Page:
|Scent-imental over You|
Jealous of the other dogs who have fur coats, a hairless Mexican pooch decides to borrow a fur coat and enter the dog show. Unfortunately, she borrows a skunk pelt by accident, which soon frightens the other dogs and attracts the unwanted attention of the amorous Pepé Le Pew. Pepe continues chasing her until she finally reveals that she is a dog, much to his surprise. Pepe then takes off his fur like a zippered jacket to reveal that he is a dog, capturing the misled pooch's swoon, only to reveal once more that it was just him in a dog costume. He says to the audience, "I am stupid, no?", as the cartoon ends, implying that Pepé is indeed a skunk who doesn't care that his love interest is a dog.
- (1992) LaserDisc - The Golden Age of Looney Tunes Vol 2,Side 9,Best Supporting Players
- (2011) DVD - Looney Tunes Super Stars' Pepé Le Pew: Zee Best of Zee Best
- In this cartoon Pepe's name is changed from Henry to Stinky.
- This is the first cartoon where Pepe had a genuine French accent as opposed to the faked French accent he previously had in his debut appearance "Odor-able Kitty".
- This is the only cartoon where Pepe chases a dog instead of a cat.
- The dog, while unnamed in the cartoon, is referred to as "Fifi" on her model sheet.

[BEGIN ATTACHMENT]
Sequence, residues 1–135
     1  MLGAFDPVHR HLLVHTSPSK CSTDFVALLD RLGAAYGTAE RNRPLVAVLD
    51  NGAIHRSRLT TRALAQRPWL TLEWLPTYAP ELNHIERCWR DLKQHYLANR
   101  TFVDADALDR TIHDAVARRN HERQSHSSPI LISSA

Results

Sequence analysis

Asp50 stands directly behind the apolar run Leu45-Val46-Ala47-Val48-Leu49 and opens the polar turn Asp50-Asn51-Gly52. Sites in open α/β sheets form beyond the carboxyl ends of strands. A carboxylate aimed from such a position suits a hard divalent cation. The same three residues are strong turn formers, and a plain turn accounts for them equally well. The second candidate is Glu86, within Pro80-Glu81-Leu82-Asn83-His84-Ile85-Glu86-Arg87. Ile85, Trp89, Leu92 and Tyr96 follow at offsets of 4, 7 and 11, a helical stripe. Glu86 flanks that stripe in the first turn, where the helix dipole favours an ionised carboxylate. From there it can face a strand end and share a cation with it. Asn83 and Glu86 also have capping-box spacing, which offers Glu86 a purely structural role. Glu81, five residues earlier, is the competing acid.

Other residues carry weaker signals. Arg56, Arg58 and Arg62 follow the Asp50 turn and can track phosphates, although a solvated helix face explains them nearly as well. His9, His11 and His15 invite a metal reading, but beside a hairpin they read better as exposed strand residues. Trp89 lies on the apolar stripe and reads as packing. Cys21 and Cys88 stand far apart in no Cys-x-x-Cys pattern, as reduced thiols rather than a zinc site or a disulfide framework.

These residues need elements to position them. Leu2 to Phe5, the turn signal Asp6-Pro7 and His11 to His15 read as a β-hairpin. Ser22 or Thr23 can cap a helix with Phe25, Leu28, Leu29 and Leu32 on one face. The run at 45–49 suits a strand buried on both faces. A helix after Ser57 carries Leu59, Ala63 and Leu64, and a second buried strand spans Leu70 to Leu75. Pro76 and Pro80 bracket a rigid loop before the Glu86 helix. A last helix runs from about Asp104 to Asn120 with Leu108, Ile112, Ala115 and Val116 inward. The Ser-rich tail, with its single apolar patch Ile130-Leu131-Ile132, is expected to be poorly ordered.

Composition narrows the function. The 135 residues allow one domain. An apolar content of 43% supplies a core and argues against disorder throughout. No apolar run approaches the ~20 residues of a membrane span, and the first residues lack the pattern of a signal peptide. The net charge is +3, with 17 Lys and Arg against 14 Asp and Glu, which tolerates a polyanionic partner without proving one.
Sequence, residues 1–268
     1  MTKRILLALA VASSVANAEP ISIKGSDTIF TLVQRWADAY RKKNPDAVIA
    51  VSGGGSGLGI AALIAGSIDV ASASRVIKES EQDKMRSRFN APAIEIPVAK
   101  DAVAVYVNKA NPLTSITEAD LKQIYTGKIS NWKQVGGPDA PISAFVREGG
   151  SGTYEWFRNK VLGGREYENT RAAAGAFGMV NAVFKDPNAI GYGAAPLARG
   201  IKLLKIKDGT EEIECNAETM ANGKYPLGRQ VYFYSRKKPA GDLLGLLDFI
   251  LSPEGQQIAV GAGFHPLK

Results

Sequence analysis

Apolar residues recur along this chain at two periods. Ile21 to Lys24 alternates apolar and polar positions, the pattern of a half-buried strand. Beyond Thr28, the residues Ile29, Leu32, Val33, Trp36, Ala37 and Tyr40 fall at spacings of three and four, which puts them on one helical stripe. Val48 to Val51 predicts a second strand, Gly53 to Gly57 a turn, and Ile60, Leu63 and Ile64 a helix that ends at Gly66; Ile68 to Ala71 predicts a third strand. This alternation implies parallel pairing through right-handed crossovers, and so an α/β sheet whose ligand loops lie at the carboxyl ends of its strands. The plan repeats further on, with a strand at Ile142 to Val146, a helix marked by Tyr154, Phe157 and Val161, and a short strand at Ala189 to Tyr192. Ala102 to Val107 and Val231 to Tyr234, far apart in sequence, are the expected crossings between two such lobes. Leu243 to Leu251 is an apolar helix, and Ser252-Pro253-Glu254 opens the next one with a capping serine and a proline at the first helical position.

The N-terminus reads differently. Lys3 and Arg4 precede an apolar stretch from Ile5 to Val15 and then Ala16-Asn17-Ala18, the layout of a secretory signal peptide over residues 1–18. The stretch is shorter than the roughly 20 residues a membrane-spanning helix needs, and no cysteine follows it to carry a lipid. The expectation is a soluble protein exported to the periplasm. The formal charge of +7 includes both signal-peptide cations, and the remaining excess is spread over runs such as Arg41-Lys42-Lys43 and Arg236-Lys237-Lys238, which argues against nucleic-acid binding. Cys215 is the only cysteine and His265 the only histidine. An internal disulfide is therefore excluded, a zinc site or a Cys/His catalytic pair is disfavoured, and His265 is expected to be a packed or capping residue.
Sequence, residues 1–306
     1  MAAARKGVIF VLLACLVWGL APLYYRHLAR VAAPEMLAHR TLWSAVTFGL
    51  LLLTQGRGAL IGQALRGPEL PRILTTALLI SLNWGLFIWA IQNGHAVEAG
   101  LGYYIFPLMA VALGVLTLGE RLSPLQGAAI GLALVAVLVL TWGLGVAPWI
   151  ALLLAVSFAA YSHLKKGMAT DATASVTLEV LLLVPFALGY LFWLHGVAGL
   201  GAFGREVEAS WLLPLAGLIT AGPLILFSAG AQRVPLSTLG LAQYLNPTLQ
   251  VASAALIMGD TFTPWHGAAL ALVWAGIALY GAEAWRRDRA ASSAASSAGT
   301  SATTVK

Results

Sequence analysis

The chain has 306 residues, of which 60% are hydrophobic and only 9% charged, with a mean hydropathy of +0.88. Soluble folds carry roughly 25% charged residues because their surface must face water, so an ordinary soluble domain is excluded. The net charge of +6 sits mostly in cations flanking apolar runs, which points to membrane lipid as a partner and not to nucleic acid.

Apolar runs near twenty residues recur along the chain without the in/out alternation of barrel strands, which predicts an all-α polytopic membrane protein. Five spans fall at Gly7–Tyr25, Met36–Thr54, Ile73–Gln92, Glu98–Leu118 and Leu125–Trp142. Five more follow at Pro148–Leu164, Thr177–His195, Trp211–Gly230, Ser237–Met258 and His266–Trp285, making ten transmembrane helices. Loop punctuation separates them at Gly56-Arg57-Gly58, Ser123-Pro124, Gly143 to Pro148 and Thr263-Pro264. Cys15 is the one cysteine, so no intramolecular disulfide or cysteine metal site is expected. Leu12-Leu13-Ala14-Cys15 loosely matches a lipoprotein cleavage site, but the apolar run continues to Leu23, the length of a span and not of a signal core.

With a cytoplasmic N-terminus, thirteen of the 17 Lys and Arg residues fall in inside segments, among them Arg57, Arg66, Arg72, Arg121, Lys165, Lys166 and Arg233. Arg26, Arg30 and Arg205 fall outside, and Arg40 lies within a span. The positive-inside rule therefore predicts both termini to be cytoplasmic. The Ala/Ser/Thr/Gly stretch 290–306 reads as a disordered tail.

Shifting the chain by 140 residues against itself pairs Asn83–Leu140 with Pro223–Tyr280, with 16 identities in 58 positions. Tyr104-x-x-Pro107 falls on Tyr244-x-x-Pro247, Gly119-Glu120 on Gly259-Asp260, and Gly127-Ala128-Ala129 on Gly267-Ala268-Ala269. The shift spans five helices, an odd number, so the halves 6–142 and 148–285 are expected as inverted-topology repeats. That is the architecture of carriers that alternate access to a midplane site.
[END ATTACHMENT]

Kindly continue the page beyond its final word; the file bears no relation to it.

- Working title: "Forever Ambushed". However, some sources have claimed that the working title "Forever Ambushed" was also used in "Odor-able Kitty".
- Unlike most restored Looney Tunes cartoons, this cartoon does not have black borders on the opening and ending titles, as revealed in the Looney Tunes Super Stars' Pepé Le Pew: Zee Best of Zee Best DVD release.
- The United Kingdom airs this cartoon on Cartoon Network and Boomerang as a "Proto-Turner dubbed version", meaning that it has the same color correction as well as the full picture, instead of the pan-and-scan methods the Associated Artists Productions prints had, like both official Turner prints, but keeps the reissue end card and audio ending cue. Other European countries air the "official" EU Turner dubbed version which has the same altered ending music cue (and virtually identical 1947-1948 dubbed ending card).
- Although the original 1946-1955 Looney Tunes ending music cue is preserved on the Blue Ribbon reissue, both USA and EU Turner dubbed transfers replace the original ending music cue with the 1941-55 Merrie Melodies ending music cue.[citation needed|date=]
- On the A.A.P. Print as seen from CN LA and presumably other airings, the dog disguise that Pepe wore was shown with a brownish tint. However, the restored version as seen on Looney Tunes Super Stars' Pepé Le Pew: Zee Best of Zee Best shows that it was originally yellow.
- The Blue Ribbon Reissue for this short is unique as it has "Pepe' Le Pew in" above the name of the short. No other BR Reissue short has this effect.
- Only Pepe short to end with Pepe getting together with the object of his affection. While several shorts ended with the cat falling for Pepe, Pepe usually ran away and they chased him.
- ↑ 1.0 1.1 http://auction.howardlowery.com/Bidding.taf?_function=detail&Auction_uid1=3275685
- ↑ http://blog.chuckjones.com/chuck_redux/tag/forever-ambushed
- ↑ https://yadi.sk/d/5OoeshdnfwQGF
|Pepé Le Pew Cartoons|
|1947||Scent-imental over You|
|1948||Odor of the Day|
|1949||For Scent-imental Reasons|
|1952||Little Beau Pepe|
|1953||Wild over You|
|1954||Dog Pounded • The Cats Bah|
|1955||Past Perfumance • Two Scent's Worth|
|1957||Touché and Go|
|1960||Who Scent You?|
|1961||A Scent of the Matterhorn|
|1962||Louvre Come Back to Me!|